Abstract:

Illegal trade in rhino horn: new markets, new uses, new challenges

Jo Shaw

New demand from the Socialist Republic of Viet Nam is believed to be driving the current illegal trade in rhino horn. As a new generation economic powerhouse, Viet Nam’s economy is projected to be one of the world’s fastest growing markets by 2025. At the same time, rapidly changing attitudes are fuelling a booming market for luxury products and giving rise to behaviour predicated upon conspicuous consumption.

Historically, rhino horn usage in Asia has been associated with reducing temperature, especially internal heat in the blood, and purging the body and blood of toxins. However, the modern palliative applications purported by contemporary Vietnamese dealers are far greater than those within traditional belief systems.  Rhino horn is now being prescribed for ailments of unprecedented severity, including treatment of life-threatening diseases such as cancer.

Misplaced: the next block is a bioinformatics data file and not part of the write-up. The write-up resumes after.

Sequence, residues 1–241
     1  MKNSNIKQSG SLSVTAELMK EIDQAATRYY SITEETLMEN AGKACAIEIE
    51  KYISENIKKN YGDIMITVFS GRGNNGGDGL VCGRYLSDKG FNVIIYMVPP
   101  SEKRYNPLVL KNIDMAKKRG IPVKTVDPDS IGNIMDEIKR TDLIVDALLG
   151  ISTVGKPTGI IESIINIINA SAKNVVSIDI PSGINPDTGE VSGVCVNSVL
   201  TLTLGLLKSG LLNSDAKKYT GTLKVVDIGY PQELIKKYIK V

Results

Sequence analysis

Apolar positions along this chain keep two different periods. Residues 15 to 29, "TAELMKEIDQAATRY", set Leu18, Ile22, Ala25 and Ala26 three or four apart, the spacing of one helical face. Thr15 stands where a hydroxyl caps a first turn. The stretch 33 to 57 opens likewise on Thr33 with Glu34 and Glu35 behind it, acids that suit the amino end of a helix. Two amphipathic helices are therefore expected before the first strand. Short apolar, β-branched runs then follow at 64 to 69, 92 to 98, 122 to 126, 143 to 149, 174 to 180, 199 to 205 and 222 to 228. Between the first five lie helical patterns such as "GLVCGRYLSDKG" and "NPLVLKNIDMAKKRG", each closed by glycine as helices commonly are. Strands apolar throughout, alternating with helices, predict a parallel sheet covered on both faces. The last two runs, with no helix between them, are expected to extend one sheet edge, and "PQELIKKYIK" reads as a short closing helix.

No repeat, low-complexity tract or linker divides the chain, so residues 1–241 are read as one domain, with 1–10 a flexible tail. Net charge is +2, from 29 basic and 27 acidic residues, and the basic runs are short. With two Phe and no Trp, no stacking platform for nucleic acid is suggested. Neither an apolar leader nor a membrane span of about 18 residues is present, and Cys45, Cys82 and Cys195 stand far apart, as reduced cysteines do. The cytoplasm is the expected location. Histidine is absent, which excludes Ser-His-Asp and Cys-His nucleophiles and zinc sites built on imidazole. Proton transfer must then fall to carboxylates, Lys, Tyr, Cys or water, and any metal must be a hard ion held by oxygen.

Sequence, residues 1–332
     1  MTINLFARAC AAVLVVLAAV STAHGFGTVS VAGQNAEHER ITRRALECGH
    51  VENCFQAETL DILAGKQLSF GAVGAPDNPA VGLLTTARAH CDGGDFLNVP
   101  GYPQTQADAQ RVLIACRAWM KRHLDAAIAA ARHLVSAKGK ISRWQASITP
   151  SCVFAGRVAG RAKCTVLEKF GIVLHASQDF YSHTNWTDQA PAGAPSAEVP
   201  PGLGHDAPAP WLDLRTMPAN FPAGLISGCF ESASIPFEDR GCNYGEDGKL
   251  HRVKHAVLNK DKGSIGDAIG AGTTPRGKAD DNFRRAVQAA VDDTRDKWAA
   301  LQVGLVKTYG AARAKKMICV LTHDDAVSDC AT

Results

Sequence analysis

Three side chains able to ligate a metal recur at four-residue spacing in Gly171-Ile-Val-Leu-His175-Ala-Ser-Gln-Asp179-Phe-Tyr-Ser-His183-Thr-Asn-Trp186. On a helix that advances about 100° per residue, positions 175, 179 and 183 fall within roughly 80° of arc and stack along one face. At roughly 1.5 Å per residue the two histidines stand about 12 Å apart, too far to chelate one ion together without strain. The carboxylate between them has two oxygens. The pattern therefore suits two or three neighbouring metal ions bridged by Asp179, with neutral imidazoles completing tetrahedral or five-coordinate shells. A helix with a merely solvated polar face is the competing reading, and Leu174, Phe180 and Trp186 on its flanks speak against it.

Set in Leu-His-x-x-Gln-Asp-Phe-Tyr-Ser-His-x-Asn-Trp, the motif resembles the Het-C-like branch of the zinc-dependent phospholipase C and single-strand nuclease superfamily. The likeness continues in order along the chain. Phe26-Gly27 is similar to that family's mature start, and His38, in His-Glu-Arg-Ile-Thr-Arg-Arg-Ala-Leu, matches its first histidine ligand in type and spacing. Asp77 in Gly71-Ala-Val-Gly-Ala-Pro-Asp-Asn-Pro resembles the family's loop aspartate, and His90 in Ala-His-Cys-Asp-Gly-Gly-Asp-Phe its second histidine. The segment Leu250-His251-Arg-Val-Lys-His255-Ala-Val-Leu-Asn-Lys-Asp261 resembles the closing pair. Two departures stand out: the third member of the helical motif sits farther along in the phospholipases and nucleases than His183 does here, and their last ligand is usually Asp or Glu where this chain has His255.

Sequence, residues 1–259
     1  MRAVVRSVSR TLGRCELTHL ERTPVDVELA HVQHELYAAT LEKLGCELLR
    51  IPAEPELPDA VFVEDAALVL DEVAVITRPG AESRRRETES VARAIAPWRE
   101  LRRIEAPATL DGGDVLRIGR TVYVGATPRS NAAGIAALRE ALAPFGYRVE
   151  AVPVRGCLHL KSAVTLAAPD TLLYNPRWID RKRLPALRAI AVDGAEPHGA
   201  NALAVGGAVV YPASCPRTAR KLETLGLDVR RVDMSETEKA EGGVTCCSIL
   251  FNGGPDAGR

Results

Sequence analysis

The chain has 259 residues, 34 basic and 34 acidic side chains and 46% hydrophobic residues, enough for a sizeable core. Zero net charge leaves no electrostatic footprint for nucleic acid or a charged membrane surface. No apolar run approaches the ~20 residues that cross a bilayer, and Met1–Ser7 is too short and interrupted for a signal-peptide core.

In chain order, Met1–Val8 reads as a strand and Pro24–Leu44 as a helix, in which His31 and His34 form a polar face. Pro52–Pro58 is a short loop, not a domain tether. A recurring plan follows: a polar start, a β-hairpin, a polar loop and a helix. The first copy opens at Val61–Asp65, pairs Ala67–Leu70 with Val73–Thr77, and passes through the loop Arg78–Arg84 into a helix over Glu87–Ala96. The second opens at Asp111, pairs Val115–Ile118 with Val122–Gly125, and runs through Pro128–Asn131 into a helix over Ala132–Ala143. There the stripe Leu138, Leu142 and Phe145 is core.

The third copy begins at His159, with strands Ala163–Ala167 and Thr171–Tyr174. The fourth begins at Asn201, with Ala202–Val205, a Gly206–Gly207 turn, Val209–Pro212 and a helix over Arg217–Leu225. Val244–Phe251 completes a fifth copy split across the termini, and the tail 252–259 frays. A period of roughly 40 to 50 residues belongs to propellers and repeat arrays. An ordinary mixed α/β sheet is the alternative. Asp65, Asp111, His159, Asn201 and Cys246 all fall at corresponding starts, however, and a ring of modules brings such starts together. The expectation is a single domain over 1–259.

Beyond the terminally ill, there are at least three other user groups: belief in rhino horn’s detoxification properties, especially following excessive intake of alcohol and rich food, has given rise to an affluent group of habitual users, who mix rhino horn powder with liquid as a hangover-curing tonic. This group characterises “face consumption”, whereby extravagant usage of something rare and expensive is equated with wealth and status amongst associates. A third consumer group represents a recent trend amongst middle- to upper-income mothers who keep rhino horn at hand for home preparation of medicines to treat high fever, especially that which occurs in children.  Finally, there are those using rhino horn to embrace the cultural imperative of giving expensive gifts as a means to curry favour with socio-economic or political elites.
This presentation provides an overview of dynamics currently driving an escalating illicit trade in rhino horns from South Africa to Viet Nam and suggests remedial strategies and interventions to prevent further losses of Africa’s iconic but threatened rhino species.

Presentation Topic

Illegal trade in rhino horn: new markets, new uses, new challenges


Contact Dr Shaw:

Rhino Co-ordinator, WWF South Africa, 1st Floor, Bridge House, Boundary Terraces, Mariendahl Lane, Newlands, 7735

 

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